DEBORAH (dĕb'ŏ-ra, Heb. devôrâh, bee)
1. Rebekah’s beloved wet nurse (
2. The fourth and greatest (with Gideon) of Israel’s judges, a prophetess, a wife of Lappidoth (
After the death of Ehud, God’s people had lapsed into apostasy, resulting in their subjection to the Canaanite king, Jabin II, of Hazor. Jabin’s commander, Sisera, “had nine hundred iron chariots and had cruelly oppressed the Israelites for twenty years” (
Then arose Deborah, “a mother in Israel” (
Yet Deborah’s record has occasioned manifold criticism against Scripture. 1. Textually, her song’s admitted antiquity has been used to discredit the reliability of Scripture’s earlier prose narratives. But while poetry does tend to preserve archaic forms, the modernized Hebrew of the Pentateuch need not affect true Mosaic authorship.
2. Confusion, furthermore, is alleged between
3. Contradictions are discovered between the prose and the poem; fewer tribes fighting in
4. Regarding the prose, some surmise that an account of King Jabin in Kedesh Naphtali and an account of King Sisera in Esdraelon were combined into one. Yet the Kedesh of
5. The biblical date of Deborah is lowered a full century by Albright to 1125 b.c., but only because of his theory that no Philistines (cf.
6. Morally, the charge that the scriptural account of Jael is “reprehensible...[and] cannot be justified” is made by one modern commentary. But while we question this Gentile’s treacherous methods, Deborah’s insight into her fearless and unsolicited devotion to God’s people renders her “most blessed of women” (
DEBORAH dĕb’ ə rə. Heb. דְּבֹרָה, prob. derived from the root, דְּבוֹרָה, H1805, meaning a honey bee, as in
2. Deborah, the judge and prophetess (
3. Deborah, the mother of Tobit’s father, who raised her grandson after his father’s death (
International Standard Bible Encyclopedia (1915)
(debhorah, signifying "bee"):
(1) Rebekah’s nurse, who died near Bethel and was buried under "the oak of weeping" (
(2) A prophetess, fourth in the order of the "judges." In aftertime a palm tree, known as the "palm tree of Deborah," was shown between Ramah and Bethel, beneath which the prophetess was wont to administer justice. Like the rest of the "judges" she became a leader of her people in times of national distress. This time the oppressor was Jabin, king of Hazor, whose general was Sisera. Deborah summoned Barak of Kedesh-naphtali and delivered to him the Divine message to meet Sisera in battle by the brook Kishon. Barak induced Deborah to accompany him; they were joined by 10,000 men of Zebulun and Naphtali. The battle took place by the brook Kishon, and Sisera’s army was thoroughly routed. While Barak pursued the fleeing army, Sisera escaped and sought refuge with Jael the wife of Heber the Kenite, near Kedesh. The brave woman, the prototype of Judith, put the Canaanite general to sleep by offering him a draft of milk and then slew him by driving a peg into his temple.
Thus runs the story in Jud 4. It is on the whole substantiated by the ode in chapter 5 which is ascribed jointly to Deborah and Barak. It is possible that the editor mistook the archaic form qamti, in 5:7 which should be rendered "thou arosedst" instead of "I arose." Certainly the ode was composed by a person who, if not a contemporary of the event, was very near it in point of time. The song is spoken of as one of the oldest pieces of Hebrew literature. Great difficulties meet the exegete. Nevertheless the general substance is clear. The Lord is described as having come from Sinai near the "field of Edom" to take part in the battle; `for from heaven they fought, the very stars from their courses fought against Sisera’ (5:20). The nation was in a sad plight, oppressed by a mighty king, and the tribes loth to submerge their separatist tendencies. Some, like Reuben, Gilead, Da and Asher remained away. A community by the name of Meroz is singled out for blame, `because they came not to the help of Yahweh, to the help of Yahweh among the mighty’ (5:23; compare the, margin).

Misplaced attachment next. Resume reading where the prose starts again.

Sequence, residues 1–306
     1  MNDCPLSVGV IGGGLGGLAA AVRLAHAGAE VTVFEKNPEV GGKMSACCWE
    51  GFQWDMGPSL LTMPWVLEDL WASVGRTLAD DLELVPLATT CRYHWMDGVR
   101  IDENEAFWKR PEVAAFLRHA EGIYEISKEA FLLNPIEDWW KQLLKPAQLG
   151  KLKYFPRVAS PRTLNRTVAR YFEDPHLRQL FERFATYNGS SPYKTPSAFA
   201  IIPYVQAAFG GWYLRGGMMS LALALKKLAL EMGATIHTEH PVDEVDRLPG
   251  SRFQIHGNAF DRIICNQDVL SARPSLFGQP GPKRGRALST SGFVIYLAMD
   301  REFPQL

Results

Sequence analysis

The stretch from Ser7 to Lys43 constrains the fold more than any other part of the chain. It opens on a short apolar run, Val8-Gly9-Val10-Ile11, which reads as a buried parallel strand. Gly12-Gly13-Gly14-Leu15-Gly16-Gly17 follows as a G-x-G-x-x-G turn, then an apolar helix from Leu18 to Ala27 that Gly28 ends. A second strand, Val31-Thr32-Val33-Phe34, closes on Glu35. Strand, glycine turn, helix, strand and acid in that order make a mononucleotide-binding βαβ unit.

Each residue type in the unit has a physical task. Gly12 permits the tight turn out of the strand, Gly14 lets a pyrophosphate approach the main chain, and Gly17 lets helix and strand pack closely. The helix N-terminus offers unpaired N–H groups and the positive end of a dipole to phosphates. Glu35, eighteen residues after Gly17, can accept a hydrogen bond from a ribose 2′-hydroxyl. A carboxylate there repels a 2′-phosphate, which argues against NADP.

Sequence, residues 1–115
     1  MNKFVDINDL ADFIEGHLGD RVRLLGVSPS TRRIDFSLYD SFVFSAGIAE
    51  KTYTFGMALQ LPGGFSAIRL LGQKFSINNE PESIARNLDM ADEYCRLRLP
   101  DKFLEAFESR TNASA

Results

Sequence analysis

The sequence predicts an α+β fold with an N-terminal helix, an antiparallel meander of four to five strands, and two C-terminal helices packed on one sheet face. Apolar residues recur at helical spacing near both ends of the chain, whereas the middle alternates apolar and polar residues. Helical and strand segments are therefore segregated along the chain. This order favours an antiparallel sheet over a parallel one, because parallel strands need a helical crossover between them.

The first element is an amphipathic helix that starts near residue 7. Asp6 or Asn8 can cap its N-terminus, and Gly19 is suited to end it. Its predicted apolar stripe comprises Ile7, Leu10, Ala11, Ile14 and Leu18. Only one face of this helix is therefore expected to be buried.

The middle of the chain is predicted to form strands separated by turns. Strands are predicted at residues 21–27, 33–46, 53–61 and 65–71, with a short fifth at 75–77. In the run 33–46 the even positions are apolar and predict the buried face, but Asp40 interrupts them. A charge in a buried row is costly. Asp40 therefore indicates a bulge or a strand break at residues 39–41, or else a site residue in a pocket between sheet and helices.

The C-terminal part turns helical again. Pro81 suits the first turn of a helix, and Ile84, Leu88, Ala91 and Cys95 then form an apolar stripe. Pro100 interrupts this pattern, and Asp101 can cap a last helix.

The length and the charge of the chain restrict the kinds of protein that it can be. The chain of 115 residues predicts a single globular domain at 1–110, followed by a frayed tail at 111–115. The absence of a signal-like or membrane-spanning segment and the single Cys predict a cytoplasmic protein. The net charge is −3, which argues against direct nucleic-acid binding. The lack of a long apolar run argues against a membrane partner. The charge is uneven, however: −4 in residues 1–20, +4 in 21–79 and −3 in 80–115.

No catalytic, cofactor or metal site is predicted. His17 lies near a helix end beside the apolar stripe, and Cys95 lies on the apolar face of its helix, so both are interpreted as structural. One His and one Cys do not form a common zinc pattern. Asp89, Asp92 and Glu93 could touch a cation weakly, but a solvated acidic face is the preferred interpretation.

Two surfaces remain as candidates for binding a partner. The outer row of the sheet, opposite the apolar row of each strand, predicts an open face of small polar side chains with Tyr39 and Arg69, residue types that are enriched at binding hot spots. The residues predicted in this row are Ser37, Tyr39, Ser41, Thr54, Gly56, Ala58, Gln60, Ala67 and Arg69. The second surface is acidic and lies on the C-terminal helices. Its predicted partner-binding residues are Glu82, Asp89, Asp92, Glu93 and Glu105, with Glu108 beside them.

Ephraim, Issachar, Machir, Benjamin were among the followers of Barak; "Zebulun .... jeopardized their lives unto the death, and Naphtali, upon the high places of the field" (verse 18). According to the song, the battle was fought at Taanach by the waters of Megiddo; Sisera’s host was swept away by "that ancient river, the river Kishon" (verse 21). Jael, the wife of Heber the Kenite, receives here due reward of praise for her heroic act. The paean vividly paints the waiting of Sisera’s mother for the home-coming of the general; the delay is ascribed to the great booty which the conqueror is distributing among his Canaanite host. "So let all thine enemies perish," concludes the song; "O Yahweh: but let them that love him be as the sun when he goeth forth in his might." It is a song in praise of the "righteous acts" of the Lord, His work of victory which Israel’s leaders, `the long-haired princes,’ wrought, giving their lives freely to the nation’s cause. And the nation was sore bestead because it had become faithless to the Lord and chosen new gods. Out of the conflict came, for the time being, victory and moral purification; and the inspiring genius of it all was a woman in Israel, the prophetess Deborah.
(3) Tobit’s grandmother (the"Debora," Tobit 1:8).
Max L. Margolis